A ketogenic diet (also called a “keto” diet) is a low carbohydrate, high fat diet which supplies adequate, but not excess protein. It enables us to burn our own fat stores for energy, make our own glucose and use ketone bodies as energy for our cells and organs.
Ketogenic Macronutrient Ratio
Generally speaking, the percentage of calories (kcals) from carbohydrate (carbs), protein and fat in a ketogenic diet (called the macronutrient ratio) is as follows;
65-75% of calories from fat
~20% of calories from protein
5-10% of calories from carbs
While each person’s energy needs and macronutrient needs are different (based on their age, gender and activity level, as well as any pre-existing medical conditions they may have), most people on ketogenic diets take in 10% or less of their calories from carbohydrates (net carbs*), with the amount of fat and protein intake varying from person-to-person within the above range.
* Net carbs are determined by subtracting insoluble fiber contained in food from the carbohydrate content of that food.
By restricting carbs, insulin level falls and glucagon and epinephrine levels in the blood rise.
This causes several things to occur;
- Fat stores are burned for energy
The fat stored in fat cells (called adipocytes) are released into the blood as free fatty acids and glycerol. Since fatty acids contain a great deal of energy, they are broken down in cells that have mitochondria in a sequence of reactions known as β-oxidation, and acetyl-CoA is produced. This acetyl-CoA then enters the citric acid cycle where the acetyl group is burned for energy.
- Glucose is made for energy
When insulin levels are low (or absent) and glucagon levels in the blood are high, glucose is produced via gluconeogenesis (literally, the “making of glucose”) and then released into the blood and used as an energy source. As elaborated on below, while the brain can use ketones for fuel, it has a need for some glucose.
- Ketones are produced for energy
In significant carb restriction over several days, gluconeogenesis is stimulated by the low insulin and high glucagon levels results in acetyl-CoA being used for the formation of ketones (i.e. acetoacetate and beta-hydroxybutyrate and their breakdown product, acetone). These ketones are released by the liver into the blood where they are taken up by cells with mitochondria and reconverted back into acetyl-CoA, which can then be used as fuel for energy, in the citric acid cycle. Ketones can cross the blood-brain barrier, so they are used as fuel for the cells of the central nervous system – acting as a substitute for glucose (which is normally the end result of the body breaking down carbs and sugars found in various foods). After ~ 3 days on a very low carb diet, the brain will get ~ 25% of its energy from ketones and the other 75% from the glucose made via gluconeogenesis. After ~ 4 days the brain will get about 70% of its energy from ketones. While the brain can use ketones for some or even most of its fuel, it still has requirement for some glucose and that is supplied from gluconeogenesis. The heart ordinarily prefers to use fats as fuel but when carbs are restricted, it effectively uses ketones.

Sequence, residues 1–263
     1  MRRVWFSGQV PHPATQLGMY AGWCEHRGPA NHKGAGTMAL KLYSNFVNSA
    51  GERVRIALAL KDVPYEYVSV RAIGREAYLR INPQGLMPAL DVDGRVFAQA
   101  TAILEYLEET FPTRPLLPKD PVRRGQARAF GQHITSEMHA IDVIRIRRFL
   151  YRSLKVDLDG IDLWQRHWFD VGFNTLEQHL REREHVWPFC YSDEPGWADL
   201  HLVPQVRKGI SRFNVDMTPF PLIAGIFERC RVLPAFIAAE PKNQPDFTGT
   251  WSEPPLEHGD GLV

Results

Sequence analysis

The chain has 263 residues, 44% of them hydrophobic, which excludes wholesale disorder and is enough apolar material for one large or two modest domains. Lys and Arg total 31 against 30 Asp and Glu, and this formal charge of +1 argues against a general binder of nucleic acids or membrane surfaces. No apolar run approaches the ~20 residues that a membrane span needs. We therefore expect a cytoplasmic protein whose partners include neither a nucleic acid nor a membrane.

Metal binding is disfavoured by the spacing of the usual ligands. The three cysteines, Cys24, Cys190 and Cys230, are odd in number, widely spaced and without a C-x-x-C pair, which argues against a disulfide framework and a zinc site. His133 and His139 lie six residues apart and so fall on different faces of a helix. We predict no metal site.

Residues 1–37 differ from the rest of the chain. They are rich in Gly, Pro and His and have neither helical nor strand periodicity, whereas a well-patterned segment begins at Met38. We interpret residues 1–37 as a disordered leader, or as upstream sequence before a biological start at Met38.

Ketosis versus Ketoacidosis
Ketones are naturally produced during periods of low carb intake or in periods of fasting and during periods of prolonged intense exercise. This state is called ketosis. Since the human body is designed to use glucose as a fuel source (in times of plenty) and to use fatty acids and ketones (in times of food shortage), ketosis is a normal, physiological state.
In untreated (or inadequately treated) Type 1 Diabetics (where the beta cells of the pancreas don’t produce insulin), the ketones that are produced are as the first stage of a serious medical state called ketoacidosis.
Ketosis is a normal, naturally occurring state whereas ketoacidosis is a serious medical state associated with Type 1 Diabetes. While often confused, these two conditions are very different.
A ketogenic diet may appear at first glance to be like the Atkins diet or other low carb, high fat diets but the main difference is that in a keto diet, protein is not unlimited. The reason for this is that excess protein will be converted into glycogen and have a similar effect on ketosis as eating too many carbs, disrupting ketosis.
Since having too little protein may cause muscle loss, a keto diet is designed to have adequate, but not excess protein.
But why eat a keto diet?
The last 40 years of burgeoning rates of overweight, obesity and Diabetes, provide the motivation. (Please read the next article titled 1977 Dietary Recommendations — forty years on for a summary of those issues).
A keto diet enables insulin levels to fall, glucagon and epinephrine levels to rise, resulting in the body:
(1) naturally accessing its own fat stores for fuel
(2) manufacturing its own glucose
(3) using ketone bodies for energy.
The human body is designed to use either glucose or fatty acids and ketones as a fuel source. Ketosis is a normal, physiological state where our bodies run almost entirely on fat.
Insulin levels become very low, which has benefit to those who are insulin resistant or Type 2 Diabetic.
As a result, burning of our own body fat stores for energy increases dramatically — which is great for those who want to lose weight, without hunger and a steady supply of energy.
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To your health!